Just as with domestic pensions or annuities, the taxable amount generally is the Gross Distribution minus the Cost (investment in the contract). Income received from foreign pensions or annuities may be fully or partly taxable, even if you do not receive a Form 1099 or other similar document reporting the amount of the income.
As a general rule, the pension/annuity article of most income tax treaties allows for exclusive taxation of pensions or annuities under the domestic law of the resident country (as determined by the residence article). This is generally true unless a treaty provision specifically amends that treatment. For example, some treaties provide that the country of residence may not tax amounts that would not have been taxable by the other country if you were a resident of that country. There also may be special rules for lump-sum distributions.
With respect to government pensions/public pensions/annuities (typically covered under the Government Service article) or social security payments, generally the payments are only taxable by the country in which the government is making the payments. Note that what constitutes a government pension or public pension is dictated by the treaty, and the rule may apply narrowly.
If you live in the United States and receive a pension/annuity paid by a foreign payor, you must claim the appropriate treaty withholding exemption on the form, and in the manner specified by the foreign government. If the foreign government, and/or the foreign withholding agent, refuses to honor the treaty claim, make the treaty claim on your income tax return, or other prescribed form, filed with the foreign country. Additionally, you may be able to claim a Foreign Tax Credit on your U.S. federal individual income tax return for any foreign income tax withheld from your foreign pension or annuity. Be aware that a Foreign Tax Credit generally would not be permitted for tax withheld that is in excess of the liability under foreign law, taking into consideration applicable income tax treaties.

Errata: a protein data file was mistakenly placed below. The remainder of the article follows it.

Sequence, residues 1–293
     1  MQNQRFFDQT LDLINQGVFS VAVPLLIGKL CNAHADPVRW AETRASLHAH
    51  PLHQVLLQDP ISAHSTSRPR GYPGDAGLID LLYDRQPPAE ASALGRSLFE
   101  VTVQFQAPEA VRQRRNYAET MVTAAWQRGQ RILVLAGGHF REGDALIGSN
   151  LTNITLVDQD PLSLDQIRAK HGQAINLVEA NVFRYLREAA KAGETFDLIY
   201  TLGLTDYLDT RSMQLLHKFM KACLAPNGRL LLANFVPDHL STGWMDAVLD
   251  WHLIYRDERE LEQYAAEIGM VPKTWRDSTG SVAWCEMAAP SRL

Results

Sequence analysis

Apply the domestic law of each country to identify your residency, IRC 7701(b) in the case of the United States (see Chapter 1 of Publication 519, U.S. Tax Guide for Aliens, for the Green Card Test, Substantial Presence Test, or First Year Choice). Your residency determines how the treaty article on pensions/annuities will be applied.
If you determine you are a resident of one of the countries to the treaty, then you should refer to the benefits provided under the relevant treaty article dealing with pensions, annuities, government service, or social security payments.
If any of the above rules results in the determination of a single country of residency, then there is no need to continue with the remaining rules. On the other hand, if none of the above rules results in a single country of residency, then residency should be decided by the Competent Authorities of each country upon request by the taxpayer. Refer to Competent Authority Assistance for information on how to make a competent authority assistance request. Note that some treaties do not provide tiebreaker rules for determining the residency status of dual residents and you must request Competent Authority assistance to make a determination.
Absent application of a particular treaty provision, foreign social security pensions are generally taxed as if they were foreign pensions or foreign annuities. They are not eligible for exclusion from taxable income the way a U.S. social security pension might be unless a tax treaty provides for an exclusion.
Most income tax treaties have special rules for social security payments. Generally, U.S. treaties provide that social security payments are taxable by the country making the payments. However, a foreign social security payment may also be taxable in the United States if you are a U.S. citizen or resident, as a result of the saving clause. And remember, not all treaties have the same provisions for foreign social security pensions, so always refer to the specific treaty at issue.
Income tax treaties may also contain special rules for pensions paid in respect of government service (typically found under the Government Service article). Many U.S. tax treaties provide that a pension received for government services will only be taxable by the payor country if the person is a citizen/national of the country to which government services are provided and is not a citizen or lawful permanent resident (green card holder) in the country where the services were performed. Benefits with respect to government pensions may vary from this treatment, so you should refer to the specific treaty at issue for deviations. In addition, it is important to remember that foreign government pensions received by a U.S. citizen or resident may be subject to the saving clause. 041b061a72